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Enhancing End-of-Life Care: French Government Unveils Seven-Step Strategy

A few months back, President Emmanuel Macron of France revealed during an interview with two newspapers the plan to introduce a bill concerning assisted dying to the parliament in May.

In the interview with La Croix and Libération newspapers, Macron specified that only adults with full mental capacity, enduring an untreatable and life-threatening illness in the near to medium term, and experiencing unmanageable pain would be eligible to “request assistance in dying.”

The government was scheduled to present the bill to the Council of Ministers on Wednesday. Undoubtedly, there exist strong and divergent opinions within the medical community on this matter.

Simultaneously, and with less controversy, the government will unveil its decade-long strategy for providing end-of-life patients with supportive care nationwide.

The primary objective of the supportive care strategy is to enhance access to palliative care in France. The allocated budget is expected to increase to €2.7 billion annually throughout the program’s duration.

Outlined below are the key components of the strategy:

Establishment of Palliative Care Units in all départements

Presently, approximately 20 départements in France lack palliative care units (unité de soins palliatifs), including Ardennes, Meuse, Haute-Marne, Vosges, Haute-Saône, Jura, Orne, Eure-et-Loir, Mayenne, Sarthe, Cher, Indre, Creuse, Lozère, Lot, Tarn-et-Garonne, Gers, Pyrénées-Orientales, Mayotte, and French Guiana.

The government’s plan involves inaugurating dedicated units with 10 beds for the care of end-of-life patients for a specified period. By 2024, 11 of these underserved départements will have operational units, with the remaining nine to follow suit by 2025.

In addition to specialized services, the strategy includes enhancing palliative care offerings in curative services where “designated palliative care beds” are already in place, particularly in oncology units.

Establishment of Units for Pediatric Patients

The Ministry of Health aims to establish pediatric palliative care units (unités de soins palliatifs pédiatriques – USPP), with two units expected to commence operations by year-end to cater to terminally ill children, whose requirements differ from those of adults. The government plans to establish a total of 17 units, covering all regions, by 2030.

Furthermore, the government intends to augment the number of regional teams that share their palliative expertise with all caregivers dealing with children in need of palliative care. These resource teams are set to increase from 23 to 28 within the next decade.

Enhanced Palliative Care at Home and in Care Facilities

Currently, the bulk of expenditure on palliative care is linked to hospital stays, which can be expensive and not always the most suitable option for patients, as per the government’s assessment. To facilitate a transition towards home-based care, the government plans to create 100 “mobile palliative care teams” by 2034, each typically comprising a doctor, two nurses, and a psychologist, surpassing a total of 500 teams.

These teams will provide support to community-based healthcare professionals, aiding patients in returning home and remaining there. Concurrently, a system of specialized on-call teams will be established to offer guidance and assistance to attending physicians round the clock.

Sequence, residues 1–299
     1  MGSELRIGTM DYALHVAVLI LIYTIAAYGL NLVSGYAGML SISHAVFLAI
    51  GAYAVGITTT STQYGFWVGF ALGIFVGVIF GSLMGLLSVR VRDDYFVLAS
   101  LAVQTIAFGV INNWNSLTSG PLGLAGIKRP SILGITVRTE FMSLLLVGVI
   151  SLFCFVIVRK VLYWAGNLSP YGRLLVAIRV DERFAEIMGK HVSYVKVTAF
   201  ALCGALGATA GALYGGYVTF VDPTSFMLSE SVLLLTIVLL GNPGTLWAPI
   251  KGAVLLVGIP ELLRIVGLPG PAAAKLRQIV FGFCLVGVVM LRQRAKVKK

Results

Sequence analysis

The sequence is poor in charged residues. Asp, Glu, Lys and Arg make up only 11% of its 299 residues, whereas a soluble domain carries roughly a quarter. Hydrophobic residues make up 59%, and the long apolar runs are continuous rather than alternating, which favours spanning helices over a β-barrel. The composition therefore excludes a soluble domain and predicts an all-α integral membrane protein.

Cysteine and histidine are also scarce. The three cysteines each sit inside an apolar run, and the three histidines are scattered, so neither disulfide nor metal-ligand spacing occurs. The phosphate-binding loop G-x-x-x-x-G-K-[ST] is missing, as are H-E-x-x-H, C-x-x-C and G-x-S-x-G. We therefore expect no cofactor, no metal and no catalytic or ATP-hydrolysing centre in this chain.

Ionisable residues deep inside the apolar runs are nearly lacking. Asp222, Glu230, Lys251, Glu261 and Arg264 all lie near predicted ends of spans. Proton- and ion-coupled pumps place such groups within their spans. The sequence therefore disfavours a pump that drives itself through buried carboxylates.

The government also intends to bolster home hospitalization services under its proposed initiatives, with the number of patients expected to rise from 70,000 to 120,000 within a decade. Additionally, plans are in place to recruit an extra 6,000 personnel, including psychologists, to enhance end-of-life care in care facilities.

Establishment of Support Homes Nationwide

For patients who are unable to stay at home but do not necessitate hospitalization, a network of “support homes” will be developed across France to cater to individuals who are either unwilling or unable to remain in their homes.

The initial eight support homes are slated to open in 2025, with a goal for each département to have one by 2034.

Implementation of Personalized Support Plans

The government aims to advocate for “supportive care” rather than solely focusing on palliative care. The objective is to “anticipate patient care from the point of diagnosis” and extend it to encompass all medical and non-medical requirements, along with providing support to the patient’s family and friends.

Starting in 2025, about 50,000 patients will receive a “personalized plan” following their diagnosis. Patients will actively participate in tailoring the plan to their specific needs, as outlined in the proposed legislation.

Support for Families

France has approximately 11 million family members serving as caregivers. The bill proposes dedicated consultations for both patients and their caregivers at the time of diagnosis.

The government pledges to simplify caregivers’ access to caregiver leave through the daily support allowance within five years, introduce respite solutions, and enhance psychological support services.

Professional Training and Education

Recognizing the critical need for additional personnel to support its palliative care initiatives, the government plans to create about 20 senior clinician, academic, and assistant positions annually from 2024 to educate and train individuals in what essentially constitutes an emerging university program in palliative medicine.

A specialized module focusing on supportive care will be integrated into student training programs, and a “diploma of specialized studies in palliative medicine and supportive care” will be established, elevating palliative care to the level of cardiology, pneumology, or neurology. Continuous education initiatives will be expanded, and three medical research teams will be recruited to advance knowledge in this domain.